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Meet James Kottkamp

By | January 30, 2023

We all make mistakes; ask other modelers for advice and keep going

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Meet James Kottkamp

meet James Kottkamp: black and white photo of vintage American Flyer toy train layout
As a child, James enjoyed his father’s American Flyer layout in their basement.

How did you get started in the hobby?

My interest in model trains came from the real thing. After church on Sundays, Dad would park the car next to the Missouri Pacific Railroad tracks in Kirkwood, Mo.  Kirkwood was the crest of the hill; westbound from St. Louis and eastbound from Valley Park. What a show! Freights would be double-headed in both directions. This resulted in my primary interest in steam locomotives. My father was also interested in model railroading. We had an American Flyer layout in our basement, complete with both passenger and freight trains.

The passion for steam locomotives was reinforced when I worked for the St. Louis National Museum of Transportation. I’d ride my bicycle the five miles to the museum. Before they would pay me, they wanted to see what kind or worker I was. The “test” was to clean the coal out of the auger in the tender of Big Boy No. 4006.  It took two days to complete the job.  I was totally black from head to toe in coal dust when I got the OK to be on staff. Working there offered me the opportunity to learn about steam locomotives from “old timers” who used to work on them, or were engineers.

What was your first large scale locomotive?

A Bachmann passenger set from my wife (which I still have) got me started in large scale modeling. It wasn’t long before I purchased my first F Scale C-16 from Accucraft. I was in the Air Force and moving around didn’t allow me to have layouts, so I concentrated on detailing locomotives.

What’s your favorite part of the hobby?

The brotherhood of modelers. I was lucky to have friends and mentors to help me with modeling. My first mentor was Bill Clouser. Bill was approachable, and a gracious person. He had a world class interurban layout, yet he was willing to share the hobby with others. He was very talented (he’s built models for the Smithsonian Museum!), yet he took the time to help me and make suggestions on how to improve what I was doing.

large yellow and brown model building on table
The Ridgway Depot while still in Scotland, shortly before shipping it to the author. Photo by Jim Blakeman

The modeling brotherhood can span oceans! I became a good friend with a modeler in Scotland. We’d email each other about what we were working on. As the friendship developed, Jim Blakeman would send me locomotives to detail and he would make buildings for me. I’d send him blueprints and he would build models with exacting quality. The two largest models were the Rio Grande Southern roundhouse and the Ridgway passenger depot. The model measures 2×3 feet. Jim shipped it in two crates, and it arrived without any damage. Jim has passed away and I truly miss him.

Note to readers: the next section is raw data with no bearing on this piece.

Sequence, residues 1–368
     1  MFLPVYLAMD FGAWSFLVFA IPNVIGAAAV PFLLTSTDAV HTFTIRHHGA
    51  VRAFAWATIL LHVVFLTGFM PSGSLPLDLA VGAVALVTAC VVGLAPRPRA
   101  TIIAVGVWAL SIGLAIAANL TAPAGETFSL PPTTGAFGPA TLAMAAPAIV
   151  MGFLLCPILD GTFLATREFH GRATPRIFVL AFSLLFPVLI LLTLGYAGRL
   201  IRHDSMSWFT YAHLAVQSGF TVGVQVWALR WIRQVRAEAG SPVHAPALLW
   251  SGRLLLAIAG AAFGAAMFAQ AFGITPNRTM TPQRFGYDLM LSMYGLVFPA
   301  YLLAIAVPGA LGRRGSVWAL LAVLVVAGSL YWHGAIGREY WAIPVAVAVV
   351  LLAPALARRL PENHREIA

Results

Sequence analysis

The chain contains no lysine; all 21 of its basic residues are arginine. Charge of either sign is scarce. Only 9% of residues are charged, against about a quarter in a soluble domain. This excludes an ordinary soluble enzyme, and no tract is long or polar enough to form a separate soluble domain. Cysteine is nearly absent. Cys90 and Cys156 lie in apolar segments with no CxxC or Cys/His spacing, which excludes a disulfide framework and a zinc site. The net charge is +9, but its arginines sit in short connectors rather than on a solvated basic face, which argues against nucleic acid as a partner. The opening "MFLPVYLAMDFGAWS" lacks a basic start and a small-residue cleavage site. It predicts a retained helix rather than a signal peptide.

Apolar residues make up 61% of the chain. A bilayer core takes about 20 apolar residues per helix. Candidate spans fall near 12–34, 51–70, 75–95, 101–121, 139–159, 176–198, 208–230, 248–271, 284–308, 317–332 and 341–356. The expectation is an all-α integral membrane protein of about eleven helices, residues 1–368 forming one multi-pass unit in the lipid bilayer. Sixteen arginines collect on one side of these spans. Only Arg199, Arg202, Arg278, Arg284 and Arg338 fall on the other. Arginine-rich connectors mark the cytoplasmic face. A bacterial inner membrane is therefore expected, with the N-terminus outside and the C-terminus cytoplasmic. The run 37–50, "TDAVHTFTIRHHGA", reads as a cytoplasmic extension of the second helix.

black and white photo of inside of model roundhouse
Inside of the Rio Grande roundhouse rests Galloping Goose No 6. Photo by James Kottkamp

What’s your least favorite part?

Trying to locate parts for projects. I combine animation with models. There are far fewer local hobby shops these days, and it takes a long time to locate the parts you need.

large-scale model of a black railcar
RGS No. 1, one of the models to which the author added animation effects. Photo by James Kottkamp

What has been your biggest modeling success?

close up of white railcar model
Galloping Goose No. 6. Photo by James Kottkamp

Animation in two railcars, RGS No. 1 and Galloping Goose No. 6. It was a real challenge to get the electronics and animation motors incorporated underneath the car bodies. It’s fun to take them to modeling shows and see kids getting excited when the motorman waives to them.

What was your biggest modeling mistake?

Take the time to do things right! Rushing can and did result in having to go to the hobby shop and re-purchase a plastic model that ended up in the trash can!

What advice would you give to a new hobbyist?

Don’t hesitate to try new things. We all make mistakes and have do-overs. Just don’t give up, ask other modelers for advice, and keep going.

More from James Kottkamp

Build a pond replenishment system

Build a spray booth

Construct a train storage shed

Drawings for a workbench

Make outdoor hardshell scenery

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